No arms to Russia, signed by Chinese President Xi Jinping. On Monday, March 14, the Chinese Foreign Ministry confirmed that the People’s Republic is not interested in providing Putin with military support for use in Ukraine. Thus denying American sources who considered a supply operation very likely as an apparent attempt to take advantage of the increasingly friendly relations between the two powers, each touted in recent months.
For the occasion, the Chinese journalist Hu Xijin, in a video released by Global Times, said: “As a great military industrial power, Russia does not need to ask China to provide military assistance for the short war in Ukraine. she is not obligated to promise or export weapons to Russia. ”Although not a direct spokesperson for the Chinese Communist Party, Hu is in line with his views and has often been heard as a voice for statements that Chinese officials cannot make publicly. However, China is known in the past to supply Russia with military materials for conflicts along its border, such as winter coats and tents, but apparently not armaments. And since Beijing has already provided humanitarian aid to Ukraine, Xi Jinping’s government would have a hard time turning down similar support to Moscow or sending them weapons. Furthermore, although China and Russia have advertised greater collaboration at the expense of the United States in recent months, American officials believe that cracks emerged after the Russian invasion, the brutality of which, according to the CIA, took Beijing by surprise. that Xi himself last week called for “restraint” in Ukraine to “prevent a massive humanitarian crisis”.
Despite the expansion of military ties between China and Russia in recent years, driven by a common sense of threat from the US and its allies, the invasion of Ukraine and the global backlash has cast a shadow over their strategic collaboration. . Signs of bilateral military cooperation are likely particularly sensitive in Beijing at a time when countries around the world are calling on China to use its influence over Russia to stop the conflict. So right now, with many of the world’s advanced economies united in opposition to Putin’s war, Russia would probably be the party most interested in strengthening military relations with China.
Why Russia needs a Chinese military ally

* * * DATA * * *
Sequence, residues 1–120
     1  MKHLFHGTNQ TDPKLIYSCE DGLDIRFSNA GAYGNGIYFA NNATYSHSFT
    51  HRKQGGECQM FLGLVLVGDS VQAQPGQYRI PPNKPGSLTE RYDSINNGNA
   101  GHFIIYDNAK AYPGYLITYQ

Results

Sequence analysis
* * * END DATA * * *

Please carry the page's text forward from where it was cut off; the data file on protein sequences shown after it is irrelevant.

Although the war in Ukraine has accelerated profound changes in Western defenses, from rising German and Finnish arms spending to Sweden’s rethinking of NATO membership, a swift end to the conflict through mediated peace or Russia’s withdrawal could to ease international pressure on Beijing to reduce its relations with Moscow, which at the moment only needs “smart” weapons and armored troops defenses, Russian President Vladimir Putin by maintaining power could guarantee stability in military ties, as the The strength of the strategic partnership was partly attributed to the close personal ties between him and the Chinese leader. It must in fact be considered that in the past (20 years ago) Chinese weapons were none other than Russian ones manufactured under license, before the famous Chinese “copying” led to the autarchic production of machine guns and small arms, but also of aircraft. In the past China has acquired Russian equipment and technologies essential for the modernization of its troops, several Chinese weapons are still clones of the Russian ones, such as the Type 81, a copy of the Kalashnikov machine gun, with the difference that over time Chinese production has been was quick to evolve. A future enhanced China-Russia military relationship could therefore see the two sides include sectors in which Beijing is not yet competitive. For example with technical cooperation for aircraft engines, joint development of new helicopters or submarines. The only limiting factor is the Chinese tendency to sell weapons to anyone who asks, while Beijing could lobby to limit the sale of Russian weapons to nations with which China has ongoing territorial disputes, such as India and Vietnam. However, if the conflict in Ukraine did not end quickly and the West remained united in its opposition to Moscow, China could feel increasingly pushed to distance itself publicly, especially considering that it needs trade, one of the first victims of a war. If Putin is removed, however, Xi may need time to familiarize himself and build trust with the new leader, taking a more cautious approach to military cooperation, with a drop in Chinese purchases of Russian arms and a halt to development projects. joint. The biggest loser would be Russia, however, as declining arms sales to China would further exacerbate tensions on its economy.